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Assume that you have a probability space $(\Omega, \mathcal{F},P)$ and a random varaible $X: (\Omega, \mathcal{F})\rightarrow(\mathbb{R}^d,\mathcal{B}(\mathbb{R}^d))$. Define the characteristic function $\phi_X: \mathbb{R}^d \rightarrow \mathbb{C}$, by $\phi_X(u)=\int_\Omega e^{i<u,X(\omega)>}dP$.

I want to prove this theorem:

If $X=(X_1,\ldots,X_d)$ and $\mathbb{E}(|X_j^n|)<\infty$ for some $1\le j\le d$ and $n \in \mathbb{N}$ then:

$\mathbb{E}(X_j^n)=i^{-n}\frac{\partial^n}{\partial u_j^n}\phi_X(u) |_{u=0}$

I tried two things, but I get problems with both approaches:

approach 1:

It is not hard to show this "naively", if you just differentiate like you learned in calculus, and go under the integral sign. then you will get the disered result. But there are two problems with this approach:

  1. Why is it partial differentiable at 0, and so why can we differantiate at all?

  2. Why can we differentiate under the integral sign?

approach 2(dominated convergence theorem):

Here I will try to solve both problems directly, but I still get problems: I start with n=1 for simplicity:

Let $h_n$ be any sequence of real numbers converging to 0, but which is never zero, let $u_n=(0,0,0,h_n,0,0)$, where $h_n$ is in position j. Then if the partial derivative exits at 0, we must have that

$\frac{\int_\Omega e^{i<u_n,X>}dP-\int_\Omega e^{i<0,X>}dP}{h_n}=\int_\Omega\frac{e^{i<u_n,X>}-1}{h_n}dP$ converges.

Now the problem is reduced to taking a limit outside the integral, to inside the integral, if we can move the limit inside the integral, we see that we then get our derivative inside the integral. but why can we move the limit inside the integral?

If we denote: $g_n=\frac{e^{i<u_n,X>}-1}{h_n}$, the problem will be solved if all $|g_n|$ will be bounded by an integrable function?(the dominated convergence theorem). But can you see a dominating function here? Do you guys have any tips or help?

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  • $\begingroup$ Just by curiosity, this come of a book? $\endgroup$
    – Masacroso
    Jan 26, 2016 at 7:27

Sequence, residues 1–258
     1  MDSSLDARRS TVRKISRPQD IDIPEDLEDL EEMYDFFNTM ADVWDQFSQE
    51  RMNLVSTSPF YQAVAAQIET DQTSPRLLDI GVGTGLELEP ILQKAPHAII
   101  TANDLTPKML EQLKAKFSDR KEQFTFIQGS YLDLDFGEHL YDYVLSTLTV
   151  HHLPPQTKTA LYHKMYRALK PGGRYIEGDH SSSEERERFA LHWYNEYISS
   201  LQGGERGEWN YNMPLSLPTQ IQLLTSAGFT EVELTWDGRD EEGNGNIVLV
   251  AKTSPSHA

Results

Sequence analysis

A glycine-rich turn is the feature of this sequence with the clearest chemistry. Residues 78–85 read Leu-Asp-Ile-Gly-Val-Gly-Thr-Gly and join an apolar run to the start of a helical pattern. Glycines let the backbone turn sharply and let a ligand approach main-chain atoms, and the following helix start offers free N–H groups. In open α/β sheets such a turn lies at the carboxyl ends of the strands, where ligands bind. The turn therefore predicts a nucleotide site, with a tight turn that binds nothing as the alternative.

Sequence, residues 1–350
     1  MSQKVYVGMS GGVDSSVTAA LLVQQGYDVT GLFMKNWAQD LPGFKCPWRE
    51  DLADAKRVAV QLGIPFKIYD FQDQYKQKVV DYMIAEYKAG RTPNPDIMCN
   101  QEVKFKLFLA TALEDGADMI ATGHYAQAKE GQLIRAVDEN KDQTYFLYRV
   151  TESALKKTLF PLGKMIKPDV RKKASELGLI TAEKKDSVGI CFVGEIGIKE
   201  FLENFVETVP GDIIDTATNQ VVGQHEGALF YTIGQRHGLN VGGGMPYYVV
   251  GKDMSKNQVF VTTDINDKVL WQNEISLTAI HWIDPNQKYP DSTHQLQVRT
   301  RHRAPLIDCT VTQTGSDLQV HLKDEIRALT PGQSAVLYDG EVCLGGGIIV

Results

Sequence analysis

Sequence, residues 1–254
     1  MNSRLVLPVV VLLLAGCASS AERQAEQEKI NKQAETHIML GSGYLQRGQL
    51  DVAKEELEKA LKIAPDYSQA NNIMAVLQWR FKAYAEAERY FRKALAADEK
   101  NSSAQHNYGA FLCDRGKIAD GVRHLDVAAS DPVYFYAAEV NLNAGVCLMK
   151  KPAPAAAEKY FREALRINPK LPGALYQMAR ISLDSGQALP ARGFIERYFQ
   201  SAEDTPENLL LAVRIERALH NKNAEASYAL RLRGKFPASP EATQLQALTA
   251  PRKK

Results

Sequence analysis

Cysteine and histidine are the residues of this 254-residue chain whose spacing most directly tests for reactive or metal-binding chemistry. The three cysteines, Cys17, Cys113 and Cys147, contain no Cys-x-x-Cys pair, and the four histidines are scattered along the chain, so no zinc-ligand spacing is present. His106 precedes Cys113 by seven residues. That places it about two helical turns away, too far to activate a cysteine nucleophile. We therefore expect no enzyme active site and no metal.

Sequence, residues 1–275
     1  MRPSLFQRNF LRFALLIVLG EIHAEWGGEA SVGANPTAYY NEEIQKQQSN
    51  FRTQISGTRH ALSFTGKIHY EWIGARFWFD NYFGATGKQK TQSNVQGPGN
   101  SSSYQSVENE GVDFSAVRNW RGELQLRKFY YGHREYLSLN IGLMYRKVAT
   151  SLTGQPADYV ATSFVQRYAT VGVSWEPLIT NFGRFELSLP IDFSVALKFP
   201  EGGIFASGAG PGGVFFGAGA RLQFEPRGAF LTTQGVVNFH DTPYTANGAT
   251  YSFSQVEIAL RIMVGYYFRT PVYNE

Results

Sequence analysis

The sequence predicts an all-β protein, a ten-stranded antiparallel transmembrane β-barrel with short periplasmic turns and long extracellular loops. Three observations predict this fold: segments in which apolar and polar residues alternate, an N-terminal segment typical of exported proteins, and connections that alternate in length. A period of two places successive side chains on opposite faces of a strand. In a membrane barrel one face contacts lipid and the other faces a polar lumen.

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    $\begingroup$ @Masacroso Yes, it is stated as an elementary fact in: amazon.com/Processes-Stochastic-Calculus-Cambridge-Mathematics/…, but unfortunately I don't fint it elementary. $\endgroup$
    – user119615
    Jan 26, 2016 at 7:29
  • $\begingroup$ You know what the derivative of your function is, so you can use Lagrange, and all you need to show is that the derivative is dominated uniformly in u by an integrable function. $\endgroup$
    – Kore-N
    Jan 26, 2016 at 7:46
  • $\begingroup$ @Cornelis Thank you, but which theorem are you referring to? Is it the mean-value theorem?, i have seen something like that before used in a situation like this, but the function is complex now, do we still have the result then?, for complex functions? $\endgroup$
    – user119615
    Jan 26, 2016 at 10:33
  • $\begingroup$ The complex numbers should not bother you. You should think after it as a function from R to R^2. In fact Lagrange only holds in Form of inequality (you do it in each entrance of the vector). I will write the explicit calculations as an answer. $\endgroup$
    – Kore-N
    Jan 26, 2016 at 11:00

1 Answer 1

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I will write the answer for $X$ one dimensional.

Your approach of bringing the derivative inside the integral is right.

You need to estimate: $ \frac {e^{iux}-1}{u}.$ Writing down this function you find: $$\frac {\cos (ux) -1}{u} + i \frac {\sin (ux)}{u} = x \sin (\xi_1 x) - ix \cos (\xi_2 x)$$ by the mean value theorem.

So in norm this can be estimated by $2x$, and you find the uniform bound you needed, to apply dominated convergence. Note that the estimate is global (w.r.t. u). In general it is sufficient to have a local estimate (e.g. for u small enough).

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